Garuda president Emirsyah Satar said: “This new operation will help strengthen Garuda’s network development, with a potential to connect East Indonesia and West Indonesia, and become the meeting point for our international flights to Europe and the Far East.”

Is there something that more than meets the eye?

Jakarta, Indonesia’s capital city, is of course the major hub for both the airlines which are the largest in the country. But why the interest in developing hubs which are barely an hour ride by boat from Singapore? With Asean Open Skies set to be fully implemented by next year, it makes sense for Indonesian airlines to develop alternative ports to draw the traffic, particularly considering the island geography of the Indonesian land mass. For Garuda, Bintan will be its fourth so-called hub after Jakarta, Denpassar (Bali) and Makassar (Sulawesi).

Already Batam and Bintan are growing in popularity as an extended vacation options for visitors to Singapore.

The story may be more than about the rivalry between Garuda and Lion Air. Bet on it that the authorities at Changi Airport are watching from their tower, not that it is anything that they should be concerned about. For now, curious, they should be.

Lion Air moves transit hub closer to Changi Airport

Courtesy Reuters

Courtesy Reuters


LION AIR is clearly making moves to be a prominent player when Asean Open Skies 2015 kicks in, especially when it is expected that home country Indonesia, which is the most populous nation in the region, will experience the highest growth in air movements as a result of the liberalization.

Lion Air has plans to grow the airport on Batam island – a stone’s throw from Singapore – as an alternative transit hub to the main but increasingly congested Soekarno-Hatta Airport in Jakarta. From there, the airline hopes to fly to destinations beyond Indonesia, such as Guangzhou, Hong Kong, Bangkok, Jeddah, New Delhi and Mumbai.

Lion Air president Rusdi Kirana said: “The distance is actually shorter if you transit in Batam rather than flying south to Jakarta to transit. The shorter flying time makes flying more convenient for passengers and it means aircraft burn less fuel, leading to significant cost savings.”

Considering Indonesia’s multi-island geography, it may not matter where the transit takes place if the cost is kept low and the convenience of connection is not that much worse off. There is no reason why Lion Air cannot use Batam for its spoke operations but only for its flights. Jakarta will continue to be favored by the major legacy airlines and the added advantage of accessibility by land.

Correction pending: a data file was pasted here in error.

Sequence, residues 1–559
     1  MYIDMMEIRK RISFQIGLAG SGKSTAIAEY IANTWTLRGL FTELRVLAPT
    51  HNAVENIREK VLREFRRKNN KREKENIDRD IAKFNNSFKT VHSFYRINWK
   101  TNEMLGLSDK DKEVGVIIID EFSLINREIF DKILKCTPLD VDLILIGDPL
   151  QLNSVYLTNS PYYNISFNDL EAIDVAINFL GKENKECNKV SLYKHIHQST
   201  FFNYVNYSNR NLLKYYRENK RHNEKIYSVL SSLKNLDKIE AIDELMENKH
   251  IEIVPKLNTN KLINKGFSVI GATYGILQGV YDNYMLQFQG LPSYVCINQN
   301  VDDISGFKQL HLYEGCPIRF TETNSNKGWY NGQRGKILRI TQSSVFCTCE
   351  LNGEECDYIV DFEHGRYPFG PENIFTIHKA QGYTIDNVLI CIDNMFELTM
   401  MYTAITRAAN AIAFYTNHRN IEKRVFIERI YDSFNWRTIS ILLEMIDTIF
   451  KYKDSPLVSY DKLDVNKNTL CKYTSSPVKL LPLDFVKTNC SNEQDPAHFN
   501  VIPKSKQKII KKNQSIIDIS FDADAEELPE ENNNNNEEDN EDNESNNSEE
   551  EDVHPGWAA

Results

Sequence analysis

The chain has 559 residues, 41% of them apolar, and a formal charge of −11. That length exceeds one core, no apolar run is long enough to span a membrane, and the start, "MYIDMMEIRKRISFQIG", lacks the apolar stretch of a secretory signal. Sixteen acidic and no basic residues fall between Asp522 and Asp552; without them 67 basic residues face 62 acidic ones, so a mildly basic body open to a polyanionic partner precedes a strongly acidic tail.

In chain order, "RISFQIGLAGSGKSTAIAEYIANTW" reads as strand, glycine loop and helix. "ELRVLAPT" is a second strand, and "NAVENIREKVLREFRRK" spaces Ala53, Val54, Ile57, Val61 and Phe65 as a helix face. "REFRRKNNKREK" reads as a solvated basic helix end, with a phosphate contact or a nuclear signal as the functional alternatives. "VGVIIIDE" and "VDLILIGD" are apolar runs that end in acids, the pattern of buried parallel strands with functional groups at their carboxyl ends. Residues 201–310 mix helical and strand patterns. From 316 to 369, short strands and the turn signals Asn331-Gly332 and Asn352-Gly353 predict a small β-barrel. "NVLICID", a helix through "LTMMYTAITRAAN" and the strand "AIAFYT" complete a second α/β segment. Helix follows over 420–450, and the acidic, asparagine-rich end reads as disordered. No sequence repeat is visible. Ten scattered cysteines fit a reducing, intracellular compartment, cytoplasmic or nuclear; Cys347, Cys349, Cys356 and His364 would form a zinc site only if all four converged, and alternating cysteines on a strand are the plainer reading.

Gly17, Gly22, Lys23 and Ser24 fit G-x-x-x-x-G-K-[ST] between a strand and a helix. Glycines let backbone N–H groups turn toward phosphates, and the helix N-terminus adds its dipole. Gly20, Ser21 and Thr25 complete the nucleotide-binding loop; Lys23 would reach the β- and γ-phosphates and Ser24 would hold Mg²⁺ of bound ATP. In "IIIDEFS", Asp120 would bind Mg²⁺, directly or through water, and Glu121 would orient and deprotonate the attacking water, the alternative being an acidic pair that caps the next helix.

But what is more interesting about Lion Air’s move Batam’s proximity to Singapore’s Changi Airport. Is the airline looking at a siphoning possibility at lower costs in competition with airlines such as AirAsia which had for a long time been pestering the Singapore government to allow it to operate out of a domestic but separate base? Lion Air too has announced its intention to hub its flights at Changi with Open Skies, and Batam is near enough.

Boosting his proposal, Mr Kirana also announced Lion Air’s launch of a hangar on Batam to provide maintenance, repair and overhaul services, the first of four such hangars

Comeback kid Garuda Indonesia is Asean’s rising star

garuda imageEveryone loves a comeback kid, and Garuda Indonesia is the newest comeback kid on the aviation block.

The Indonesian flag-carrier has come a long way from a speckled past to becoming the new star of Asean. It is no mean feat for an airline that in June 2007 was banned (along with all other Indonesian carriers) by the European Union (EU) from flying to its member countries over safety issues, and that for a good 50 years or so it has all but maintained a very low profile.

In fact, we hear more of rival Lion Air – Indonesia’s second largest airline after Garuda – and its grand plans to expand across Asia with record plane orders. In the 60s, Garuda flew beyond the region to Amsterdam, Frankfurt, Rome and Prague in Europe, and to Honolulu and Los Angeles in the United States. Services to Amsterdam were resumed a year after the EU in 2009 lifted the ban, but services to the US had long ceased since 1997.

garuda image1 courtesy garuda
Image courtesy of Garuda Indonesia

In the 2013 Skytrax survey, Garuda Indonesia was listed among the world’s best 10 airlines. If that was not impressive enough, consider how it was also ranked fifth in the Asia category, behind Singapore Airlines (SIA), All Nippon Airways, Asiana Airlines and Cathay Pacific – ahead of some other presumably better known brands. There is more: Garuda was voted in the same survey as best economy class, and this is worthy of note considering that many top-rated airlines are reputed for their first and business class but not necessarily for economy which across the industry is increasingly becoming very much the same.